Reply to post: I've done this and more

How the FLAC do I tell MP3s from lossless audio?

G-E

I've done this and more

I was downloading MP3's since napster first came out, before it was popular, when 128kbit/s was the best quality you could hope for, I knew it wasn't up to snuff, but for "free" it was good enough.

Fast forward somewhat and the pirates obviously decided broadband was pervasive enough to bump up bitrates to 192kbit/s, which was a clearly audible difference; fast forward again to today, and we have 320kbit/s being standard, a night and day difference from those early 128kbit/s files.

Since I have listened to countless MP3 files throughout the years, often "upgrading" my old copies with new ones, and following the progression of encoders such as fraunhoffer's, as well as encode engines like lame, I realized early on, the encoder makes the biggest difference.

The rise of the format spurred a lot of developers to write cd-ripping software, while others wrote mass WAV->MP3 encoders to fulfill the needs of users, obviously these time saving efforts didn't focus on quality, nor did the subsequent wave of combined ripper+encoder software.

I had tested 4 major encoders back-to-back at various points in time, the fraunhoffer being the defacto quality standard (hey, they had a whole institute behind them right?), and I can unequivocally say, most encoders sucked balls. Even at higher sampling or bitrates, many encoders either chopped off too many frequencies in their quest to shrink files, or used simplistic

hacks to excite the music to hide the flaws. I found the state of things to be quite terrible.

Then we also had the player wars, Sonique and Winamp being the popular ones with the kids, each played sound just a little differently. If you search the internet archives, you'll see countless press releases of improved sound rendering in the engines, each company extolling how awesome their next one will be. I theorize that in the early days, it was all about artificially re-inflating the deflated MP3 audio to sound like it wasn't butchered, and then as MP3 quality improved, the engines slowly removed most of these "enhancements" to be "more realistic".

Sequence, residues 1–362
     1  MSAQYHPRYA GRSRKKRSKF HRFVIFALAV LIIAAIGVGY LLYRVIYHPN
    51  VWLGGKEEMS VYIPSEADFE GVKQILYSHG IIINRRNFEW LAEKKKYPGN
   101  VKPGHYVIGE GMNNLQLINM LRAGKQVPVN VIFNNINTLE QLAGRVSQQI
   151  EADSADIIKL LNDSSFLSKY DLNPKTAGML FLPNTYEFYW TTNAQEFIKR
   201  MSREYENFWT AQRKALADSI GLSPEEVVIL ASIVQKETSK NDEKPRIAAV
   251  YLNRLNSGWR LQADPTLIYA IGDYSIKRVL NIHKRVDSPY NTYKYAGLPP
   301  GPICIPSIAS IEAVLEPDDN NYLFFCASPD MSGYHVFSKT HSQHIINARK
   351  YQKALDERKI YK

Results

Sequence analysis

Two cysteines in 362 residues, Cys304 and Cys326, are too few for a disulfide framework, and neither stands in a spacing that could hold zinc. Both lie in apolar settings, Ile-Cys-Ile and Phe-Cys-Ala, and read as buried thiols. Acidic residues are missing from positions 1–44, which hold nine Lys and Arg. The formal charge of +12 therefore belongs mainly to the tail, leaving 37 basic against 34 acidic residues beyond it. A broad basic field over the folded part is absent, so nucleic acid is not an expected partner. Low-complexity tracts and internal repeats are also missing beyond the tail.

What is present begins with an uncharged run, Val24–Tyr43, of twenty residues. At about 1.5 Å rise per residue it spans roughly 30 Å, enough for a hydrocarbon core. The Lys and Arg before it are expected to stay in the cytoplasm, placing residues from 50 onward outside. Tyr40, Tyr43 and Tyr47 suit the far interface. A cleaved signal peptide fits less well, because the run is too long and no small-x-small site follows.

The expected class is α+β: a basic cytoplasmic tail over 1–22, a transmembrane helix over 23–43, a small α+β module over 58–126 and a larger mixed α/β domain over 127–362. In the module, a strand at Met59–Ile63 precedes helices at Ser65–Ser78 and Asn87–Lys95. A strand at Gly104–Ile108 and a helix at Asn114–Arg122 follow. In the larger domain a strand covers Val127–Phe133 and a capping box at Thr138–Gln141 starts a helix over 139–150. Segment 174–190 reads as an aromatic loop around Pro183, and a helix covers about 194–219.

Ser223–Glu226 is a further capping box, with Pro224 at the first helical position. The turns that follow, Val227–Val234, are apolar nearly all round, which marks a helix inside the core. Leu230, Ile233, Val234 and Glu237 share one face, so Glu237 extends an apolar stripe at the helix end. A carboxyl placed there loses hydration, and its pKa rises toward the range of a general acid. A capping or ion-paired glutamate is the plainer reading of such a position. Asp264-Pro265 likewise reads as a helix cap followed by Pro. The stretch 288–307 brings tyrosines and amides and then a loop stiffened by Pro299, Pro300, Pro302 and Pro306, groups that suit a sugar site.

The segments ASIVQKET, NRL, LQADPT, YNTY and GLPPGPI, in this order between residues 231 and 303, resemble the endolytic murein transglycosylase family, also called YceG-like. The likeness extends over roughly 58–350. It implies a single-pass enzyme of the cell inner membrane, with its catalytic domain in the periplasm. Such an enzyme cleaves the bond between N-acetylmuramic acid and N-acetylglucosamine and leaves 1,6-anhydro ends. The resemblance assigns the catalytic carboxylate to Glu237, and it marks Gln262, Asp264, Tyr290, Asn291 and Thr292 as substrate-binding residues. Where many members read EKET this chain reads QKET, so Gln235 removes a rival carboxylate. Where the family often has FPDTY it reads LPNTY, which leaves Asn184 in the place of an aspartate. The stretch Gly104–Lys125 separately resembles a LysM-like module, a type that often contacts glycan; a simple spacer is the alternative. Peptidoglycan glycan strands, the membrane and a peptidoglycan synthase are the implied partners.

Why was I able to hear the difference? Well, having worked very hard at creating my ideal speaker setup, it exposed all the flaws, imbalanced resonance, those cymbal artefacts you mentioned and more. You assert there's no standard for speakers, but there is, indirectly, they are called "reference" speakers. A quality german or japanese 3-way "reference" speaker like the ones I had are going to be big, and it may seem ridiculous paired with an underpowered computer at the time, but sound was important to me. They turned my computing experience, into a faux studio experience.

I should mention that I worked in the P.A system, and overhead paging field as both installer, and as a sound theory specialist. Many of my jobs revolved around taking a noisy building, like a pumping station for the city, or giant packaging facility, and fixing the mess some inept previous installer made. The typical problems were mismatched audio loudness, general direction and sound reflections, which all lead to one thing, blurbling... ie. you hear it, but it makes no sense, and for that they failed their safety inspections. This often meant I spent weeks optimizing for clarity and volume, followed by a new inspection (they all passed).

Much later, I also discovered a dirty trick: some CDs are produced with low quality sources, the compilations people buy are very often inferior to the original source CD. The only reason for this that I could see is that the author/compiler takes the music form whatever sources they can find, does some basic mixing (or worst case run them through an autotune/normalize function ugh), applies for the relevant publishing licenses, and then prints the disc... I have ripped and overlaid the tracks of identical songs in sound editors to find deviation, it was huuuuuuuge.

My advice, get the original CDs or as close to untarnished/remastered source (or lossless file), and make your own mixes if you still want to listen to them on CD, such as in a car. I don't trust any of the MP3 playing headunits to reproduce the sound that well, they still bias/enhance the audio unnaturally.

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